San Francisco Rolls Out Text-to-911 Option

Those unable to speak on the phone during an emergency can now send a text message for help.

San Franciscans can now send text messages to 911 from their mobile phones when it’s unsafe for them to place a voice call, or they are unable to, the San Francisco Department of Emergency Management announced this month.

“If you can call 911, that is what you should do,” Mary Ellen Carrol, executive director of SFDEM, said in a statement. “But sometimes it is not safe to verbally call.”

SFDEM started live testing the emergency text message service in February, but it was initially only publicized to communities of people with hearing or speech impairments and to domestic violence organizations. During the testing phase, dispatchers answered 125 live text messages.

Francis Zamora, an SFDEM spokesperson, told SF Weekly it’s important to keep emergency text messages short and simple, and to initially state if you’re requesting assistance from police, firefighters, or an ambulance.

“We want people to be very explicit when they’re first texting … and list the location, and what you need,” he said. “While we do have a work-around technology to determine the location, that takes longer.”

For now, the system is English-only, which Zamora said had to do with the aging technology 911 sits on.

“The lines (the text messages) have to travel on don’t allow for special characters, and more advanced information,” Zamora said — which means the system doesn’t support pictures, emojis, or non-Latin characters. “Throughout most of the country, 911 is on 1970s technology.”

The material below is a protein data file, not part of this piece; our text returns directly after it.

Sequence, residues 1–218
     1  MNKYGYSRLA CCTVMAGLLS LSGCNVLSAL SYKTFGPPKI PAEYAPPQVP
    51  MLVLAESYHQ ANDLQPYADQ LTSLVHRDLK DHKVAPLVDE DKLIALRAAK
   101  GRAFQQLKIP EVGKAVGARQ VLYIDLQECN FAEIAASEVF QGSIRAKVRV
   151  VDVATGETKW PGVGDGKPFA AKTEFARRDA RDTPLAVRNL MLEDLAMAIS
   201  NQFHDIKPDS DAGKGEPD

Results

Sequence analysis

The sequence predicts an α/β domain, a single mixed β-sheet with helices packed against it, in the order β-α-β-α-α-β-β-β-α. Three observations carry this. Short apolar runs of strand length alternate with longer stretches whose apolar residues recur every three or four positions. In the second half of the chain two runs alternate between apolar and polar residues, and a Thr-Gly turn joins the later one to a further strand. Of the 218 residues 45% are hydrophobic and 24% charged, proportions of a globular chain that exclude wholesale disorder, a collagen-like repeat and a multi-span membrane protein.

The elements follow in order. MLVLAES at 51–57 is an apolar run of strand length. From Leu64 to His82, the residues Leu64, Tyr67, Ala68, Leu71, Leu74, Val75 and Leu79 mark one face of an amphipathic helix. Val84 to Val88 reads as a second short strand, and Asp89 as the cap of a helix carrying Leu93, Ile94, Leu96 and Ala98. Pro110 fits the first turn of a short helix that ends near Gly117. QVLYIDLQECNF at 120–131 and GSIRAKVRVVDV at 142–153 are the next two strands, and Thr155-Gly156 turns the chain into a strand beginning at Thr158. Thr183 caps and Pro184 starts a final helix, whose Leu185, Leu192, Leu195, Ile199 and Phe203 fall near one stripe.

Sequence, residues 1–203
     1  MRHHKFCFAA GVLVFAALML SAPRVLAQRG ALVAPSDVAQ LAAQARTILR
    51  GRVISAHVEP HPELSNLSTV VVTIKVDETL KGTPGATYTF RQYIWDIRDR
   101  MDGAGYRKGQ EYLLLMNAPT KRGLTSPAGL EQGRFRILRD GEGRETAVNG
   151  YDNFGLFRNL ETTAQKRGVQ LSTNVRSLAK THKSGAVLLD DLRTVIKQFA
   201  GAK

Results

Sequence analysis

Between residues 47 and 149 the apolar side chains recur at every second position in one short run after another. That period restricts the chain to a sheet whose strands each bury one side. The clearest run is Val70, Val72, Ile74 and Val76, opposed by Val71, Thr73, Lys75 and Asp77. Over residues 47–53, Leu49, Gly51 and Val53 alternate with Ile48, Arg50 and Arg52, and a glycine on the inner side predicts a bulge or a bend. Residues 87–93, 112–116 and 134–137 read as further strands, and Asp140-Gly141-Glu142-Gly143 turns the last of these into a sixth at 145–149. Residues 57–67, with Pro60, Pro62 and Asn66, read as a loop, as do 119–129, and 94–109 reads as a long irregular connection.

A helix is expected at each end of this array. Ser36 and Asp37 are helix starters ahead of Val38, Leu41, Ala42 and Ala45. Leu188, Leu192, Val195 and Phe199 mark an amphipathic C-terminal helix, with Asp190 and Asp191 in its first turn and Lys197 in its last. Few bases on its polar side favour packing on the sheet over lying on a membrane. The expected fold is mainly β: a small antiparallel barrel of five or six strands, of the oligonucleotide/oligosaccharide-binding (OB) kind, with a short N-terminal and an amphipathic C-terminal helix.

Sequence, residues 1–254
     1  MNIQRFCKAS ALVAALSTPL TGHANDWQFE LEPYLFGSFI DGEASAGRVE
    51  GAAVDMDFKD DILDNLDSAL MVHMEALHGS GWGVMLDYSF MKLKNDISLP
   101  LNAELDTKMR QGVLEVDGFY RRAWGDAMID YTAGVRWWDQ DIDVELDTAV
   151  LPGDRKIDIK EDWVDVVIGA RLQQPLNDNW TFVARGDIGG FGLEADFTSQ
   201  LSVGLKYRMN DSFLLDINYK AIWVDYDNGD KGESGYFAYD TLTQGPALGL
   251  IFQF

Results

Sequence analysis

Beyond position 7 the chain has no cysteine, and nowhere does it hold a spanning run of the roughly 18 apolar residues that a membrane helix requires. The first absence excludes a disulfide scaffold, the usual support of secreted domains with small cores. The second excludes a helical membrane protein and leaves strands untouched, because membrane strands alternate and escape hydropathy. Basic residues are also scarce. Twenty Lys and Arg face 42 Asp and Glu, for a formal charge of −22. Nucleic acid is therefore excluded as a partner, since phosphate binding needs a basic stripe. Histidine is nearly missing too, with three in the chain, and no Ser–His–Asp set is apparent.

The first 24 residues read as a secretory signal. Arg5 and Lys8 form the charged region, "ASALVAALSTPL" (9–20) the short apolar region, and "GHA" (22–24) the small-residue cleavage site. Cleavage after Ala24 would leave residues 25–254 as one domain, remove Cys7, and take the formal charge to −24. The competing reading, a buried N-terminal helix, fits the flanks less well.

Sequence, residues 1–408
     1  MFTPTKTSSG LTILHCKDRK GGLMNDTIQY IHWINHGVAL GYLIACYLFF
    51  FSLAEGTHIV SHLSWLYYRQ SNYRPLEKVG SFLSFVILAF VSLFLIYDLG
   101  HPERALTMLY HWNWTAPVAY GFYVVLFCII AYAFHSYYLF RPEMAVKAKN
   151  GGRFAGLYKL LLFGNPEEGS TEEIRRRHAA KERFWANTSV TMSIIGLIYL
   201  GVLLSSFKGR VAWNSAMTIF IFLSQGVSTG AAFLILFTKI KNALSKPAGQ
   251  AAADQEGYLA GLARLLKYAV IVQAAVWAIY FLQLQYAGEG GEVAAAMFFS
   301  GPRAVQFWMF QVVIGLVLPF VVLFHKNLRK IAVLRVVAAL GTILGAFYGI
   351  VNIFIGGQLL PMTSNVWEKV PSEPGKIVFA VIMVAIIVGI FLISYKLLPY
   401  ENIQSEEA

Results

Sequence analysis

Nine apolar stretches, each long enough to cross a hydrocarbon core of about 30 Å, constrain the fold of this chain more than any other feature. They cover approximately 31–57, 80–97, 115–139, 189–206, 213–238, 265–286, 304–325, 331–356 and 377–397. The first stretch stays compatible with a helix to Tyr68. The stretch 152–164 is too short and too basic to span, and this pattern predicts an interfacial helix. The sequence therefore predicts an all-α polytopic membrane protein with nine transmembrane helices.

SFDEM also advises callers to keep text messages shorter than 160 characters.  Longer messages may be automatically broken up and delivered to 911 as a stream of separate messages, but their delivery may be less reliable.

“It’s kind of a best attempt service. If a message gets lost or doesn’t come to 911, we wouldn’t know,” Zamora said. “That’s why we want you to keep it short.”

Last year, Santa Clara County and Concord also rolled out emergency text messages services. Implementation is slowly ramping up across the country, but it is still not supported in most areas.

Calls to 911 have dropped 24 percent since the shelter-in-place order went into effect, however calls related to domestic violence have remained constant, according to numbers from SFDEM. Last year, between March 17 and April 8, there were 44,461 emergency calls with 459 related to domestic violence. During the same period this year, there were 33,875 calls, 448 of which were related to domestic violence.

SFDEM said in December that domestic violence calls have been dropping when viewed over a four-year period, but warned that may not mean domestic violence is happening less often.

If you are a survivor of domestic violence and need assistance, please contact:

  • W.O.M.A.N., Inc. 24 Hour Crisis Line 877-384-3578
  • La Case de las Madres 24 Hour Crisis Line: 877-503-1850 (adults), 877-923-0700 (teens), 415-200-3575 (text)
  • Asian Women’s Shelter 24 Hour Crisis Line: 877-751-0880
  • Riley Center at the St. Vincent de Paul Society of San Francisco 24 Hour Crisis Line: 415-225-0165
  • San Francisco District Attorney Victims Services: 415-553-9044
  • Cooperative Restraining Order Clinic: 415-255-0165

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